Petrofac shares were up 2.3 per cent up in early morning trading, despite having posted a loss for the first half of 2015 thanks costs at its Laggan-Tormore project.
Having issued a profit warning last November, Petrofac reported revenues of $3.2bn (£2.1bn) for the six months to the end of June, 25 per cent higher than the same period last year.
However, it made a net loss of $133m for the first half, compared with net profit of $136m in the same period last year, which was partly attributable to a $263m hit it took on its Laggan-Tormore project in Shetland.
New orders stood at $6bn, while the company maintained interim dividend at 22 cents per share.
Why it's interesting
Petrofac’s Laggan-Tormore project, off the Shetland Islands, continues to drag down financial performance, with the company having said tough operating conditions and the threat of strikes by workers causing it to incur a $236m (£150m) loss so far this year.
The company added that profits will be weighted towards the second half of the year due to phase delivery.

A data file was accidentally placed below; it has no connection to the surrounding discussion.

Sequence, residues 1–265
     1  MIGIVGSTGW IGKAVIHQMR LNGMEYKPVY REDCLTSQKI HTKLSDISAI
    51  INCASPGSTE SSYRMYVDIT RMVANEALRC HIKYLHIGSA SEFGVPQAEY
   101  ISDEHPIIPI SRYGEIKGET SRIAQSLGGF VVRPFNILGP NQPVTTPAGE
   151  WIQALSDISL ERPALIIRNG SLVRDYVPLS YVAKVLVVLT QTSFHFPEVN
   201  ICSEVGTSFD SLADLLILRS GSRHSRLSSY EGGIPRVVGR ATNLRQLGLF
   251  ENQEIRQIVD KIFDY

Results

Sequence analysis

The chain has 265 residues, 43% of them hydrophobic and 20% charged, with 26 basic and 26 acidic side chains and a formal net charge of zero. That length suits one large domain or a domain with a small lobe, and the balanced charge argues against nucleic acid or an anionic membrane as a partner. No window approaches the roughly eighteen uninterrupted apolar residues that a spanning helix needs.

Petrofac assured investors it is in a "strong position" against "the backdrop of a challenging environment". The overall portfolio "remains in good shape, with embedded margins consistent with guidance, and we continue to see a healthy pipeline of bidding opportunities", the company added.
What Petrofac said
Ayman Asfari, Petrofac's group chief executive, said:
Our clients are continuing to invest in large strategic projects in our core markets, where we have an unrivalled track record and a very cost-competitive delivery capability.
We continue to drive operational efficiencies to maintain our cost-competitiveness and we are working with our clients to address cost pressures and generate value for them whilst protecting our margins.
The commodities crisis continues apace – although part of Pertrofac's woes are down to costs associated with its Shetland Islands project.